Create a responsive grid layout

Even with no media-queries, we can create a flexible and powerful responsive layout.

Embracing the flexible nature of the web gives us resilient user interfaces. Instead of using prescribed, specific sizes, we give elements sensible boundaries and let them auto flow or resize where possible. A good way to think of this is that we provide browsers with some rules and regulations, then let them decide what’s best—using them as a guide.

What we’re making permalink

In this tutorial, we’re going to take this flexible mindset and produce a responsive grid layout that rules and regulations, then renders the best possible grid for the device that asks for it.

Here it is in action:

It’s a fully responsive grid that uses no media queries to work across all viewports and it’s all thanks to CSS Grid.

How it works permalink

First of all, let’s take a look at the code:

Code language
CSS
.auto-grid {
display: grid;
grid-template-columns: repeat(auto-fill, minmax(var(--auto-grid-min-size, 16rem), 1fr));
grid-gap: 1rem;
}

CSS Grid is incredibly powerful for layout but usually, this type of flexible layout utility would use Flexbox, because of its flexibility. The reason we use grid for this particular utility, though, is the magic function, minmax.

The minmax function allows us to clamp our grid items to maintain just the right amount of control. We achieve this by telling the function what the smallest size is for our items, by using a CSS Custom Property, which has a fallback of 16rem. Then we tell it what the maximum size should be for each item. We declare that as 1fr, which takes 1 portion of the remaining available space.

Because each item in this grid uses 1fr, the remaining space is split up equally between the other items, so if there are 10 items, 1fr is equal to 10% of the remaining available space. This is how we get that nice flexibility.

How can we improve this layout utility? permalink

Because this .auto-grid utility will keep trying to fill remaining available space, it’s useful to either give the layout itself a maximum width or wrap it with a shared wrapper utility. I prefer the latter approach because explicitly sizing the grid itself will reduce its own flexibility.

It’s fine to explicitly set a width sometimes, sure, but creating specific components that only deal with page-wide composition, like the wrapper element make working with flexible component systems a dream!

Here’s the HTML code for the wrapper element:

Code language
HTML
<div class="wrapper">
<ul class="auto-grid">
<!-- items go here -->
</ul>
</div>

And then the CSS:

Code language
CSS
.wrapper {
max-width: 65rem;
margin-left: auto;
margin-right: auto;
padding: 0 1rem;
}

Here it is in action:

Making the wrapper a separate utility means that we can use it wherever we need it, which is some good ol’ portability!

Because the wrapper has a max-width set, it’ll support all viewport sizes too, without using media queries. The padding provides a gutter, so at tiny viewports, you get a 1rem sized gap at each side, which is ideal.

Progressive enhancement permalink

CSS Grid support, at the time of writing, is 94.69%, so the vast majority of browsers have support for it. We can improve our code to provide a default experience for the minority of users that don’t have support for it with a minimum viable experience, though.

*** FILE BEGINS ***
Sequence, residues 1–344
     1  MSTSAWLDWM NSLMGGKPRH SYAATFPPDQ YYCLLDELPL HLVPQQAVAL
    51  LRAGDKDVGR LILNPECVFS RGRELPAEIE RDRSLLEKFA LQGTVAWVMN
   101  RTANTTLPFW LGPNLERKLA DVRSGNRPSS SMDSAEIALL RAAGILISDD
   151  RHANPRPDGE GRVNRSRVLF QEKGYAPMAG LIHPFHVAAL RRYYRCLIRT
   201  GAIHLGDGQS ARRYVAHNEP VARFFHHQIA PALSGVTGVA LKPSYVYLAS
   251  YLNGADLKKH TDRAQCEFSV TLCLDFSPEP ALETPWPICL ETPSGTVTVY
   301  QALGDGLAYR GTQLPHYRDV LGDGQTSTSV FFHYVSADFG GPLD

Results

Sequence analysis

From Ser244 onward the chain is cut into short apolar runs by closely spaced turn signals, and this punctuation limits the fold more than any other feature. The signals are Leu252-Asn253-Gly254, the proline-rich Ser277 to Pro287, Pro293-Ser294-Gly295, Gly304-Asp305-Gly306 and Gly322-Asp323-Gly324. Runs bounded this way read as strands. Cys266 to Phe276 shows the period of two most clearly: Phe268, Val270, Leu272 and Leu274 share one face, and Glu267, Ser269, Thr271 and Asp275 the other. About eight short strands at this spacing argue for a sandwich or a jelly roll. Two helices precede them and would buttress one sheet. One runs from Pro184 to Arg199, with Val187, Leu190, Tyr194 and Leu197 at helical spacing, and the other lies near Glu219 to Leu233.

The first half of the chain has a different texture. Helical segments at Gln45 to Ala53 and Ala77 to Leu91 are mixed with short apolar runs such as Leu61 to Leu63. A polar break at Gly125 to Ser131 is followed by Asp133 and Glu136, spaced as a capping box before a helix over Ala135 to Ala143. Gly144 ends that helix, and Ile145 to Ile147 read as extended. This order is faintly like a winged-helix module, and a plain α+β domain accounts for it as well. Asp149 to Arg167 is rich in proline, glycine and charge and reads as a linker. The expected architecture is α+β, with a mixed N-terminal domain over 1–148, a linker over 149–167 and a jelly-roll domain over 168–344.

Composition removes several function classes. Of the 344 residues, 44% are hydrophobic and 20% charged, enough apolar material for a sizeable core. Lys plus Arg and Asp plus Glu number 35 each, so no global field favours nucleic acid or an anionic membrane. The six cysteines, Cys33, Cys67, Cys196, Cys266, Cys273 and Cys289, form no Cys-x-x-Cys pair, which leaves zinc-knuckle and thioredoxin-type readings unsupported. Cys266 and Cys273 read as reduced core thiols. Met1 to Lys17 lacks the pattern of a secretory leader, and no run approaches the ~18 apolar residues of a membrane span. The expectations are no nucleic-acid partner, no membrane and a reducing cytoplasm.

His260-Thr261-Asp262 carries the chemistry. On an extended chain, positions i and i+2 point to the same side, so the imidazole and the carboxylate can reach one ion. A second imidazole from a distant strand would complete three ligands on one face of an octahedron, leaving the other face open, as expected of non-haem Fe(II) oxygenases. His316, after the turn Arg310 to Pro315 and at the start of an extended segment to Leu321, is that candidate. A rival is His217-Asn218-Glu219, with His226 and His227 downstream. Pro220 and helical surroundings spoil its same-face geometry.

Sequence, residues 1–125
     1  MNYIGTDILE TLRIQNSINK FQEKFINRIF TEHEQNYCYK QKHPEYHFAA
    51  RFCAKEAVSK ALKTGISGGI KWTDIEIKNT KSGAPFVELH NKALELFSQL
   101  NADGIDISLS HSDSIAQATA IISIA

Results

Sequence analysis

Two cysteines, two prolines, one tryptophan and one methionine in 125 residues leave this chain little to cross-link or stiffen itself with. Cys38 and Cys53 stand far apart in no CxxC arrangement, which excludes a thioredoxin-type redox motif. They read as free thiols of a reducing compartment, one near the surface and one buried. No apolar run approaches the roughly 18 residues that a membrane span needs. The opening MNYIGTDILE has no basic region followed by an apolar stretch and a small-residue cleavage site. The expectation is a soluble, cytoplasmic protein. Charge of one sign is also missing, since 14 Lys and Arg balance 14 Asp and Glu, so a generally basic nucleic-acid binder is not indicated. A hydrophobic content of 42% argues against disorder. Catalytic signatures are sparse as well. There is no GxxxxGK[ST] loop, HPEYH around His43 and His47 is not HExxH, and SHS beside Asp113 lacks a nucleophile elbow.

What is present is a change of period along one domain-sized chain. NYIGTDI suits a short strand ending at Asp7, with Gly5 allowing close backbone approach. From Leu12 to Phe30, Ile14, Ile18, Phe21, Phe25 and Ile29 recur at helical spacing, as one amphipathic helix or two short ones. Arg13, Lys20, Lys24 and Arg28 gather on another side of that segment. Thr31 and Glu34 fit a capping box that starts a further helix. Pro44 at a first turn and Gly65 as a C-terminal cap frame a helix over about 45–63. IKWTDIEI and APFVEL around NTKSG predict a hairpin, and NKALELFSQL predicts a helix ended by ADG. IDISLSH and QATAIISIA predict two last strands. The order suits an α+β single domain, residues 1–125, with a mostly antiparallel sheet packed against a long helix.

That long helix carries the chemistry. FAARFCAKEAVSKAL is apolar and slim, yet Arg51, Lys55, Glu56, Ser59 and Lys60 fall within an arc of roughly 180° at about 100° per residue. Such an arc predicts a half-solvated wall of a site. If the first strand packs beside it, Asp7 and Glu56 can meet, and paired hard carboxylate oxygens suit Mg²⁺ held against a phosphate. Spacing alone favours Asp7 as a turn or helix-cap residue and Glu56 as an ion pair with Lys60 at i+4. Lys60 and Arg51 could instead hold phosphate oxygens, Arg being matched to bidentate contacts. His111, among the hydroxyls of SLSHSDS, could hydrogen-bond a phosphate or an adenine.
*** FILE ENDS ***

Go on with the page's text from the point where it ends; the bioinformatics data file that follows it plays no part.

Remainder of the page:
For this layout, the minimum viable experience is stacked items with some vertical margin between each one, which for the 5.31% of browsers that don’t support CSS grid:

Code language
CSS
.auto-grid > * {
max-width: 25rem;
margin-left: auto;
margin-right: auto;
}

.auto-grid > * + * {
margin-top: 1rem;
}

@supports (display: grid) {
.auto-grid {
display: grid;
grid-template-columns: repeat(
auto-fill,
minmax(var(--auto-grid-min-size, 16rem), 1fr)
);
grid-gap: 1rem;
}

.auto-grid > * {
max-width: unset;
margin: unset;
}
}

As the code block demonstrates, the minimum viable experience removes that default style using @supports which detects CSS Grid support. This sample will work fine all the way back to super old IE browser versions. You could even use floats and Flexbox if you absolutely wanted a grid-like layout for all browsers and a real power move would be to use something like this auto-scrolling approach.

Utilising the forgiving nature of CSS to build up, rather than fix and break down will very likely result in you writing better, lighter code, so finding the lowest-tech approach to compatibility issues is only ever going to be a good thing.

The minimum viable experience in IE11

The minimum viable experience in IE11 shows how although the grid isn’t present, the sensible defaults make the layout look smart. The user will probably never know that it is supposed to be a grid because it’s not broken. This is the magic of progressive enhancement.

Wrapping up permalink

I use this auto-grid all the time. I also use the wrapper utility, extensively in every project that I work on. Hopefully this tutorial has demonstrated the power of modern CSS and how we can write very little to achieve a lot. It really is a powerful language when you give it room to breathe.

Even the heavier, progressively enhanced version that supports all browsers is tiny and importantly, so much tinier than writing hacks and specific browser CSS!